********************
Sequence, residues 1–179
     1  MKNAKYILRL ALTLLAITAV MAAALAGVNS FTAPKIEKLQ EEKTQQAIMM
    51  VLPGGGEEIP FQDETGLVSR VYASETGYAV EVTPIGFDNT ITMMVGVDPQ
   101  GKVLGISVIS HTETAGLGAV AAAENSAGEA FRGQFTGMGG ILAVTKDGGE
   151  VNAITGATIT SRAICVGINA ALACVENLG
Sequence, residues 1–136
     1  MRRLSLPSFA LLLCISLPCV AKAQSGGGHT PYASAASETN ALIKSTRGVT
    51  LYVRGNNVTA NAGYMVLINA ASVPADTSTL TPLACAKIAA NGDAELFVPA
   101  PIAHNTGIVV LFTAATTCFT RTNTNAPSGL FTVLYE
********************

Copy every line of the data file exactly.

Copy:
Sequence, residues 1–179
     1  MKNAKYILRL ALTLLAITAV MAAALAGVNS FTAPKIEKLQ EEKTQQAIMM
    51  VLPGGGEEIP FQDETGLVSR VYASETGYAV EVTPIGFDNT ITMMVGVDPQ
   101  GKVLGISVIS HTETAGLGAV AAAENSAGEA FRGQFTGMGG ILAVTKDGGE
   151  VNAITGATIT SRAICVGINA ALACVENLG
Sequence, residues 1–136
     1  MRRLSLPSFA LLLCISLPCV AKAQSGGGHT PYASAASETN ALIKSTRGVT
    51  LYVRGNNVTA NAGYMVLINA ASVPADTSTL TPLACAKIAA NGDAELFVPA
   101  PIAHNTGIVV LFTAATTCFT RTNTNAPSGL FTVLYE